DESCRIPTION OF A PREFERRED EMBODIMENT With reference now particularly to FIG. 1, a toy airplane 10 is provided with motive power via a tether or cord 11 which is swung by an operator 12 in a generally circular path about the operator as a center. In a way that will be more explicitly set forth later herein, flight of the plane along its circular path rotates the propeller 13 to drive the stabilizing and engine sound simulator indicated generally at 14, as well as provide inertial propulsion during landing glide and roll-out. Accordingly, the plane not only sounds as if it is engine-powered, but through the stabilization effected, the plane handles well during steady flight, and during landing is provided with auxiliary driving power.

Turning now to FIG. 2, the propeller 13 is affixed onto the anterior end of a shaft 15 that passes through appropriately dimensioned openings in first and second bearing supports 16 and 17, respectively. The posterior end of the shaft is formed generally to a point as at 18 for thiguitgngly engaging an upstanding bearing plate or g1 Intermediate the bearing support 17 and gib 19, the shaft 15 carries an axially mounted, cylindrical flywheel 20 for rotation therewith. On the forward side of the flywheel 20 a conical portion 21 extends along the shaft toward the bearing support 17 for engaging the same at the forward limit of shaft displacement. The flywheel is so dimensioned that the shaft has a relatively large amount of longitudinal playthe conical portion 21 contacting the bearing support at one limit, and the pointed end 18 thrusting against gib 19 at the other limit. It is important to note that when 18 bears against plate 19, the propeller 13 does not contact the first support bearing 16 or adjacent parts of the plane, since this would induce undesirable friction drag on shaft rotation with consequent poor overall performance.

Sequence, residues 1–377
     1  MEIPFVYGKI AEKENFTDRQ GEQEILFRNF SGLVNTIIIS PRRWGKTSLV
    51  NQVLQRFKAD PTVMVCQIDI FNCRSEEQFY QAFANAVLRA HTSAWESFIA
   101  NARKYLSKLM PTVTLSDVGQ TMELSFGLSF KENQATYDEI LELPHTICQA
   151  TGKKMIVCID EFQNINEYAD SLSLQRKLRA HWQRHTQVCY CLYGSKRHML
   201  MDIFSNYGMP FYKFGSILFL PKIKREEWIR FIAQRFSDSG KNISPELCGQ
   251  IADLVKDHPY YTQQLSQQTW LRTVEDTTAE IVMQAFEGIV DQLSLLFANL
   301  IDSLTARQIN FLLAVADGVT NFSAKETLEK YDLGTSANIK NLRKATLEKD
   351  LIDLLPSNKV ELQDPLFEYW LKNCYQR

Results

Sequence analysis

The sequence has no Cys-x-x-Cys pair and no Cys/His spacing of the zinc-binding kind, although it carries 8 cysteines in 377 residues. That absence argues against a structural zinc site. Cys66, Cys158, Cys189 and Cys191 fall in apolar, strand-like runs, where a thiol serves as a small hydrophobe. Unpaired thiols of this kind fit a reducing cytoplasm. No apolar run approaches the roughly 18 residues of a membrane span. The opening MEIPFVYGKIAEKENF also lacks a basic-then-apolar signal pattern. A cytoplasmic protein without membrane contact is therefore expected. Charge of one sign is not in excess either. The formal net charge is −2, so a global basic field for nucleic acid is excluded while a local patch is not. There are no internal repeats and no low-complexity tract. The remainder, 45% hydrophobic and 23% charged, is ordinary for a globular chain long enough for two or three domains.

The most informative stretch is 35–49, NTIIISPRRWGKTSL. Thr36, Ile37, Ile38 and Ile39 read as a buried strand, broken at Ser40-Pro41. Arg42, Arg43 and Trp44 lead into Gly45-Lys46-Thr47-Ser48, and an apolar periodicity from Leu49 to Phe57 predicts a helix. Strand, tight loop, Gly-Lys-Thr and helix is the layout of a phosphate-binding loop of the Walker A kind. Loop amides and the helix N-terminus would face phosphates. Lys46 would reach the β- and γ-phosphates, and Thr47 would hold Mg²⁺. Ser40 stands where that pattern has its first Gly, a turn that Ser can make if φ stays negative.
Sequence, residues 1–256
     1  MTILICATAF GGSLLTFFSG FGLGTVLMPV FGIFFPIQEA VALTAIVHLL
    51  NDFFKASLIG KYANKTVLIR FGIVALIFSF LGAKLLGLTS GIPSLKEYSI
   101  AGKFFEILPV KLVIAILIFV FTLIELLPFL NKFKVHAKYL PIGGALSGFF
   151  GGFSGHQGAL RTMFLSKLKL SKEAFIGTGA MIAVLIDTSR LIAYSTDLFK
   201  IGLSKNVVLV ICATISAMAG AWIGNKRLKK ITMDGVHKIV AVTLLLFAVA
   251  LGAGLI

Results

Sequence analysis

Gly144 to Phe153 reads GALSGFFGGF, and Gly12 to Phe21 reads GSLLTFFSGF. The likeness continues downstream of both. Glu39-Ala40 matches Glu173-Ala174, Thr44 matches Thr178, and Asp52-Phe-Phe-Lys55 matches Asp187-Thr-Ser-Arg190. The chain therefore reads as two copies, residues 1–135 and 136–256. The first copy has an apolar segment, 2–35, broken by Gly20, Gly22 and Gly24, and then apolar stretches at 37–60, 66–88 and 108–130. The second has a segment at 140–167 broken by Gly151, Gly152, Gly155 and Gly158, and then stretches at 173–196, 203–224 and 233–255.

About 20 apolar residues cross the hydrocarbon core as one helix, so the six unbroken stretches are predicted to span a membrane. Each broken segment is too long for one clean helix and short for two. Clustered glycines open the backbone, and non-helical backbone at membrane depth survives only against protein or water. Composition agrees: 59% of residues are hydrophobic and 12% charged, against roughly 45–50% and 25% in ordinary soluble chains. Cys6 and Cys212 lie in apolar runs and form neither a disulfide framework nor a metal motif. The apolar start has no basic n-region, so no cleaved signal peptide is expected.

It is important that the flywheel 20 be of such construction and so mounted on the shaft that it is symmetrical about the shaft. In this manner rotation of the flywheel with the shaft produces a gyroscopic stabilization of the plane causing it to tend to adhere to its flight course as if self-powered, rather than wobble or otherwise be easily deflected from its course by relatively slight changes in rotational velocity, or changes in tension of the tether when letting it out or taking it in. It is this gyroscopic effect of the rotation of the flywheel 20 that gives the plane the feel of powered flight and makes it handle well.

In addition to the longitudinal end play of the shaft already alluded to, the openings in the support bearings 16 and 17 through which the shaft passes are made slightly oversize. As a result of this construction, on rotation of the shaft, a noisesimulating an engine'sound is'created by the shaft vibrating or hammering against the wall surfaces of the bearing supports defining the openings. This action is shown in FIG. 4, where the dashed line depictions illustrate the two extremes of shaft vibration about a central position shown in solid line.

A further important and advantageous aspect of the invention is the shaft mounting. When the single-propeller version of FIGS. 1 and 2 is in flight, the propeller 13 is forced by wind pressure to its rear-wardmost position, bringing the shaft point 18 into a thrust bearing relationship with the plate 19. In this phase of operation the bearing supoprts 16 and 17 provide but a very slight amount of frictional drag on the shaft, and it, therefore, rotates freely. On the other hand, when decelerating the plane, as in the case of landing, the conical portion 21 contacts the bearing support 17 forming a low friction thrust bearing, with the walls of the openings in 16 and 17 contributing only a very small frictional drag on the shaft. By this low friction mounting of the shaft, relatively high speed rotation of the propeller and flywheel for swinging rotation of the plane is assured, thereby promoting good stabilization of the plane even at low air speeds. When the airplane is in flight around the operator and the operator decreases the speed of the ariplane to cause it to glide toward the ground and land, the propeller exerts a pulling force as in a normal engine-powered airplane by reason of momentum of the flywheel turning the propeller at substantially constant speed. When the propeller 13 in FIG. 2 exerts a pulling force, bearing 21 comes in contact with hearing support 17 and the pulling force is thereby transmitted to the airplane flame. Also, this pulling force is continued during roll-out, dampening the tendency of the plane to bounce upon ground contact.